Tue | Jul 27, 2021

Abuse survivors urge victims to leave

Published:Monday | April 19, 2021 | 12:14 AM
Renay Robinson
Renay Robinson
Abigail Malcolm
Abigail Malcolm


Following the social-media scandal and assault saga stalking Westmoreland Central Member of Parliament George Wright, two domestic abuse survivors are urging victims to leave their abusive relationships.

Abigail Malcolm, councillor caretaker for the Cornwall Mountain division in Westmoreland, and Renay Robinson, president of the People’s National Party Youth Organisation’s Westmoreland Central division, shared their tales with The Gleaner days after taking part in a series of protests against violence against women in the parish on Friday.

The demonstrations were held in Savanna-la-Mar and Whithorn, where the participants called for an end to violence against women.

In her at-times emotional testimony, 32-year-old Malcolm said that abusive situations often start small before snowballing into a mountain of rage. Victims, she said, tend to ignore early-warning signs.

“It starts from some simple things that we turn a blind eye to, but there comes a point when your cup is full and you have to move on. It takes a weak man to hit a woman,” Malcolm said bluntly.

Robinson, 26, likewise said that it was better for abused partners to leave the perpetrators of abuse.

“There is a certain potential that you have, and staying with these persons, it is like the situation is crippling you, and you think this is good enough and you do not deserve better. But if it happens the first time, walk away,” Robinson warned.

Fresh national attention was drawn to gender-based violence after the video, in which the man is shown slapping the woman and hitting her with a stool, went viral. Wright was subsequently identified as a person of interest in relation to the video, with the Jamaica Labour Party announcing that he was expected to withdraw from the Government’s parliamentary caucus.


However, the police later announced that they had closed the case, as Wright and Tannisha Singh, who had made separate reports about a physical altercation, both indicated that they no longer wished to press charges.

More than one in every four women in Jamaica has experienced intimate-partner physical and sexual violence in her lifetime, while one in four has experienced physical violence alone at the hands of a male partner, a government study released in 2018 revealed.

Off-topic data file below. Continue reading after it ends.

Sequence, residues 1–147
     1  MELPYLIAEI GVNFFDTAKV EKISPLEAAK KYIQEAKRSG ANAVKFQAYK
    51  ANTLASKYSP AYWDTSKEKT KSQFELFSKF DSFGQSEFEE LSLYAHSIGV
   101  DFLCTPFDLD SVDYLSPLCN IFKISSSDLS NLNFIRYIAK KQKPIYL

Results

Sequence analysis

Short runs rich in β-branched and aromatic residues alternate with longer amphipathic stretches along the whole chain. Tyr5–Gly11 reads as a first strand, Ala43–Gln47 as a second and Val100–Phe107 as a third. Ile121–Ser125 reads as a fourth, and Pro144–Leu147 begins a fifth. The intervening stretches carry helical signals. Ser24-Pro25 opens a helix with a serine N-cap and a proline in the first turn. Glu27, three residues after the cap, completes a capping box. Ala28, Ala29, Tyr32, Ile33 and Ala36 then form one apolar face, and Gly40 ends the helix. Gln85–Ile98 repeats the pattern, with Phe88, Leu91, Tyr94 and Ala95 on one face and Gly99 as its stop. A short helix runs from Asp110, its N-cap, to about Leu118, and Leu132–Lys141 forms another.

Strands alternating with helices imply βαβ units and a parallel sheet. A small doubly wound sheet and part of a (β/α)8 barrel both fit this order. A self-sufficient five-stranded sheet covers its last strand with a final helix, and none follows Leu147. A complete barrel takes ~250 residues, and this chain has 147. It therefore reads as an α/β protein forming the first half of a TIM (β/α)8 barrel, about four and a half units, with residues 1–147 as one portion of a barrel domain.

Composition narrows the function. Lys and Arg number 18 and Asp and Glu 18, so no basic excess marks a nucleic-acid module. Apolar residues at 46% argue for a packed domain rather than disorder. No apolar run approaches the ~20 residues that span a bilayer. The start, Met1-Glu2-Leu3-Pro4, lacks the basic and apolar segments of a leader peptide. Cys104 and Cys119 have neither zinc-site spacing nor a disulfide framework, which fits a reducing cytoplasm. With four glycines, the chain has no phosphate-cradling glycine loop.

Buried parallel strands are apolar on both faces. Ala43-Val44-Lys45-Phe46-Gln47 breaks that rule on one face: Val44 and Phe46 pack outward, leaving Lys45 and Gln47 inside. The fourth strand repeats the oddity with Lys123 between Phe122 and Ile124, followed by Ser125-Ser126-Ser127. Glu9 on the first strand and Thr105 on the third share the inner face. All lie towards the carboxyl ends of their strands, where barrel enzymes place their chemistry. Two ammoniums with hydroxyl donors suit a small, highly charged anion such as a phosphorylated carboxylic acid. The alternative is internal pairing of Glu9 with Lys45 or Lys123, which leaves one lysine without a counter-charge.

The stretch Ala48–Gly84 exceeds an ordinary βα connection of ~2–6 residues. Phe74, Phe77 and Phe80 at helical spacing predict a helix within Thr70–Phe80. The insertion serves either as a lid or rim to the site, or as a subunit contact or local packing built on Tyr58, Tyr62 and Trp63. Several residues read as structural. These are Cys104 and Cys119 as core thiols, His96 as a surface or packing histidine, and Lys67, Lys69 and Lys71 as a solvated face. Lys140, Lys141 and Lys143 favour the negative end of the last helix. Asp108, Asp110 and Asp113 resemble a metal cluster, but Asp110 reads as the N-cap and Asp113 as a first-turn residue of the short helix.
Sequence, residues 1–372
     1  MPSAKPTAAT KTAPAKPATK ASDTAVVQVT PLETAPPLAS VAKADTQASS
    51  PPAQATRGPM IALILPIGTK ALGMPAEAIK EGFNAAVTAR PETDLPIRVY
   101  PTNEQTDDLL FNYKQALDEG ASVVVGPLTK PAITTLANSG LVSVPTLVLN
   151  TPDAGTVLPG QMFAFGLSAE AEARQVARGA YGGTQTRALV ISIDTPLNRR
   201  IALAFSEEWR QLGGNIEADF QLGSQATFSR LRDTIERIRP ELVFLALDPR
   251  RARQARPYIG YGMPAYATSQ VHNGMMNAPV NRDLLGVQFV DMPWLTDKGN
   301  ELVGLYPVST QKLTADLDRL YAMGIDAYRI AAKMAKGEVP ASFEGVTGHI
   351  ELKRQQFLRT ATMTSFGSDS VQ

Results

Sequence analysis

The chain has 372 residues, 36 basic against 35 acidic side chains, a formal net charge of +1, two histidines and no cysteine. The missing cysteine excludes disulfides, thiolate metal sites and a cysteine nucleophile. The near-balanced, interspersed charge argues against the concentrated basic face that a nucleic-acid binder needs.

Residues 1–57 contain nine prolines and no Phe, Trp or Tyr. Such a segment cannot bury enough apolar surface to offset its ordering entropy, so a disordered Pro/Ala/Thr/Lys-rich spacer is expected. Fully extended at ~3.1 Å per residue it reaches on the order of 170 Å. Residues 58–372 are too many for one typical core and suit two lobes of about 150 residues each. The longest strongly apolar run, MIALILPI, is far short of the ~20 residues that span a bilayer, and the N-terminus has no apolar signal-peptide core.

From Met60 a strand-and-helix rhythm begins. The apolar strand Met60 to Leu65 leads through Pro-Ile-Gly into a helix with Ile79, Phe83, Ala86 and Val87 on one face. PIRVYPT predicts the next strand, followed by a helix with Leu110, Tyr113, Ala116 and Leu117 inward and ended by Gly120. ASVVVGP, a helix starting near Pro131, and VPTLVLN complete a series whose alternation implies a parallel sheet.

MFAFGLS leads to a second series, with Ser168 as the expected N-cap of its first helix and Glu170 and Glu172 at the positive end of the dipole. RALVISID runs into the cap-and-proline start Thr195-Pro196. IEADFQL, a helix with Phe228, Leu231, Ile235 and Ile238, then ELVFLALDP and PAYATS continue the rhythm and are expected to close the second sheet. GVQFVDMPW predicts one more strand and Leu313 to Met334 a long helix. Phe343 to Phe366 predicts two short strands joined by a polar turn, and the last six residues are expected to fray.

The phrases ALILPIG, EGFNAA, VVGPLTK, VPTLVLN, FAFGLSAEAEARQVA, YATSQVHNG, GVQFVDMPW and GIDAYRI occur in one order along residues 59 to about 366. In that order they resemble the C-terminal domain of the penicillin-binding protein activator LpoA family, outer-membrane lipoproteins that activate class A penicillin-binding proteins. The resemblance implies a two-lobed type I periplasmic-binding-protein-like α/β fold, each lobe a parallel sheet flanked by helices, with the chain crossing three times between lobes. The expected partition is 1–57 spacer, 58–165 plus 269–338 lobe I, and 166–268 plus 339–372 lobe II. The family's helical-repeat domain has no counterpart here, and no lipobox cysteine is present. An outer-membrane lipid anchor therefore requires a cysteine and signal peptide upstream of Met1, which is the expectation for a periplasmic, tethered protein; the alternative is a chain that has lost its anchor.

World Health Organization data also suggest that COVID-19 lockdowns have increased women’s exposure to abusive partners, while limiting their access to necessary services.

Malcolm said she began her seven-year-long relationship with her former abuser in 2013. At that time, she saw no signs of trouble until the bonds grew closer.

Her lover, she said, became increasingly possessive.

“It was pretty good in the beginning, but then things changed after a couple of months, where he became aggressive and ignorant, and I could not attend certain events if he was not there.

“On one occasion, I was beaten so much that I could not even feel my own body,” Malcolm told The Gleaner.

One particularly traumatic memory Malcolm recalls was when her then partner almost strangled her while in bed one night.

“We had a family reunion, and we came home, and he said we needed to go to bed. I remember going to bed, then I felt a hand around my neck, and he started to squeeze my neck and I was battling to breathe,” Malcolm said.

“A neighbour came and asked if I was okay, and my partner said, ‘Yes, she’s just sleeping,’ and at that point I was almost a dead woman in the house.”

Robinson said that her relationship descended into a spiralling torment of tempers and physical fights.

The first instance of violence was sparked during what she described as a “simple discussion” which telegraphed that her partner had anger issues.

“I can remember it was him squeezing my throat, and then he apologised and said it was not going to happen again, but it happened multiple times after that,” she told The Gleaner.

“Once, he cut the back of my ear while we were fighting, and the first thing he said was, ‘Look at what you made me do!’ And when my mother saw the plaster on my ear afterwards, she broke down and started crying.”